It’s happening all over again.
Another scandal. Whistleblowers. People dying in thousands. Claims of negligence, malpractice and mismanagement.
Are we all more at risk than we know?
Because the NHS is no ordinary organisation.
Behind its doors, 1.3 million professionals handle over 1 million patients every 36 hours. (Tweet this)
On that kind of scale, problems and hiccups are inevitable.
Just think of the pressure. The clock is ticking, people need attention. Staff take short cuts, managers go for easy options, safety procedures get overlooked.
So now there’s another hoo-hah about failures, and patients “too scared” to complain.
Regrettable, yes. Unforgivable, certainly. In some cases, possibly criminal.
Except that for an organisation the size of the NHS, complaints are inevitable and actually essential.
Take everybody’s pet wail and squawk – A&E.
In just one year, it handles 22 million patients and up – most of them inside the official 4 hour waiting period.
That’s more than 2,500 an hour – or around 40 a minute – 365 days a year, 24/7.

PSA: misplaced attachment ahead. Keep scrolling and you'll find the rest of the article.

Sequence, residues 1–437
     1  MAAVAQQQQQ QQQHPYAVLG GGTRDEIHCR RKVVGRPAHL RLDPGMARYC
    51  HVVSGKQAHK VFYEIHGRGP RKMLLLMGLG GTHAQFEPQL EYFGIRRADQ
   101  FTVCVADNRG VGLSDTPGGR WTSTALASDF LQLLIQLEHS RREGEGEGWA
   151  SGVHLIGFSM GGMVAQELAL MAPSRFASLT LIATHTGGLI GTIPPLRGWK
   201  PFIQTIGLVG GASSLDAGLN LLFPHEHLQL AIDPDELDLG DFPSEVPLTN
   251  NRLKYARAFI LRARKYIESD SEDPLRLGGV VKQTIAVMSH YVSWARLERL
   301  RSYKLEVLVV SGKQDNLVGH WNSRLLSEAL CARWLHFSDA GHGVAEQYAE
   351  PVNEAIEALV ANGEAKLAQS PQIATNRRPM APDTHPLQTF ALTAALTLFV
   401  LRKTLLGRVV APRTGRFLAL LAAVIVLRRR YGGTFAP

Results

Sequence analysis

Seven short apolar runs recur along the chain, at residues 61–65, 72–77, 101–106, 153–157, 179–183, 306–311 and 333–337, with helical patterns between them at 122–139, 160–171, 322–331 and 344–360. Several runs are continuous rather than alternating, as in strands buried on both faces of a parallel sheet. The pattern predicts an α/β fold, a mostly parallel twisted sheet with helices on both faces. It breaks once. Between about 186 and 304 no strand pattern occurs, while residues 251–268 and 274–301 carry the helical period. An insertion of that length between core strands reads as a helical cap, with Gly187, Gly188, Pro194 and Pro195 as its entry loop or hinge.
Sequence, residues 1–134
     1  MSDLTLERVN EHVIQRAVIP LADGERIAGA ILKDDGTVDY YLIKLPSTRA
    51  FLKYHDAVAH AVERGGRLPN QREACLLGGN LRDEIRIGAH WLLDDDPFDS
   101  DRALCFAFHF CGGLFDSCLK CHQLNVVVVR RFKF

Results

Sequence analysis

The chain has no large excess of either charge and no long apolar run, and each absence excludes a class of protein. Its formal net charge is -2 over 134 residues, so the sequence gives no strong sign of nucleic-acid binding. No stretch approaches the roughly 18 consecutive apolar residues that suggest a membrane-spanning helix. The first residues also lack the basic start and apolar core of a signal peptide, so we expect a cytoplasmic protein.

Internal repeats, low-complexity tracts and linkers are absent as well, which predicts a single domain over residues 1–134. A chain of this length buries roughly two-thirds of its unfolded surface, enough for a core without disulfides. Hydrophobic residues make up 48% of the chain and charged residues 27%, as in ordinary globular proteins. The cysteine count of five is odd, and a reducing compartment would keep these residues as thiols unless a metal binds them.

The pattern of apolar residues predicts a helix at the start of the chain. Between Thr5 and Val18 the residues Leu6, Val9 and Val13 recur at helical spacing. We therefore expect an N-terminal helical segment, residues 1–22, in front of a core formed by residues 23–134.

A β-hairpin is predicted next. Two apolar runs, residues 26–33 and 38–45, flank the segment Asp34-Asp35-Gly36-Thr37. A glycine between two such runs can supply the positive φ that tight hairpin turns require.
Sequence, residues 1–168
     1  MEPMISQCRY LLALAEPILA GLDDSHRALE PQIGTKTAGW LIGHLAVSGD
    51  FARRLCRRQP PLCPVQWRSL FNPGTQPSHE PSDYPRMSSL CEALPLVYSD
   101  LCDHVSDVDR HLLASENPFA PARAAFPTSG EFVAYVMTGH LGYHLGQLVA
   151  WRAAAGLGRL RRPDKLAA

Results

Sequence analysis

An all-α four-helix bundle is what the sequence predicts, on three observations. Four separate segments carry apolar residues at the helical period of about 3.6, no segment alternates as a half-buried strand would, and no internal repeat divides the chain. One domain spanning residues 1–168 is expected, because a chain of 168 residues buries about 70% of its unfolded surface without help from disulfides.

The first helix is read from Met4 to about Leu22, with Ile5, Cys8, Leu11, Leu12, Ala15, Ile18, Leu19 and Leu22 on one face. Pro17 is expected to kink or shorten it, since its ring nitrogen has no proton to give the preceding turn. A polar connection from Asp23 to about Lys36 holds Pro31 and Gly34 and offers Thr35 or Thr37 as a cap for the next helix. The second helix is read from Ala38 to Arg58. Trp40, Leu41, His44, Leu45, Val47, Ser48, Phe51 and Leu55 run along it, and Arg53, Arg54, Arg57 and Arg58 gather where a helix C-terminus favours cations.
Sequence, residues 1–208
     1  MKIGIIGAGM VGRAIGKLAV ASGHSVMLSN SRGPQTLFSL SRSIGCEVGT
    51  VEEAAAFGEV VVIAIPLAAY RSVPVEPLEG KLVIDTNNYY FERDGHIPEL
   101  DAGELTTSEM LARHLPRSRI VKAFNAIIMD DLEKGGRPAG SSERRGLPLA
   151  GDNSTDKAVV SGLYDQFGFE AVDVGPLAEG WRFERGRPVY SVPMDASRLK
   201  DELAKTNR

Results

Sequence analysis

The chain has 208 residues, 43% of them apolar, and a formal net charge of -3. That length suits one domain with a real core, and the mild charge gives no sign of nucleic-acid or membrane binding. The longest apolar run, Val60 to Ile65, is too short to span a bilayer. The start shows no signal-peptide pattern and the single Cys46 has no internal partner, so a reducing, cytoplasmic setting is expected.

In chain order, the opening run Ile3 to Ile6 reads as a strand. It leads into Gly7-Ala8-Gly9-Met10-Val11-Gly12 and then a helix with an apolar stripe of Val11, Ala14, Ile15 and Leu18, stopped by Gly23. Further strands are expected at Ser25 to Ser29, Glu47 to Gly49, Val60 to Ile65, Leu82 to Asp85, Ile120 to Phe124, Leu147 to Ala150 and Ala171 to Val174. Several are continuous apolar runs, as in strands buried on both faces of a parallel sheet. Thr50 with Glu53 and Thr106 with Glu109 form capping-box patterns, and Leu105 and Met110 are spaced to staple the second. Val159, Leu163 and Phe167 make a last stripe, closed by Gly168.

How many fast food outlets can equal that?
Try ordering a double burger and chips at McDonalds and expecting them in 60 seconds – at the same time as 40 other seriously hungry dudes are yelling for theirs.
And McDonalds get complaints too. Every big organisation does.
They actually need them.
Complaints are necessary
And as a customer, it’s kinda like your duty to complain.
Because at that kind of turnover, how else can anyone know that something is wrong?
Everything is happening too fast for even eagle-eyed perfectionists to notice, so it’s up to each of us to press the buzzer when things glitch.
So if there’s moaning and yelling going on about the NHS, be thankful.
Something is getting attention and something will be done about it.
Sure, it’s scary that it involves doctors and hospitals and people’s lives.
At least it’s out in the open and not hushed up any more.
And how many big manufacturers have not tried to get away with that?
Nowadays even BMW and Toyota are not afraid to issue a total recall.
If there is a problem, it needs to be fixed.
Being open and honest about it restores confidence.
And not everything in the NHS is a train-smash like Mid Staffs.
Going in to hospital for an op?
In 2014, compared to Australia, Canada, France, Germany, Netherlands, New Zealand, Norway, Sweden, Switzerland and USA, the NHS was rated as best by the Commonwealth Fund for efficiency, effective care, safe care, coordinated care, patient-centred care and cost-related problems.
Looks like you’re safe enough.
But make sure you shout like hell if you’re not.
You owe it to yourself.
Originally posted on 24 August 2018 @ 5:00 pm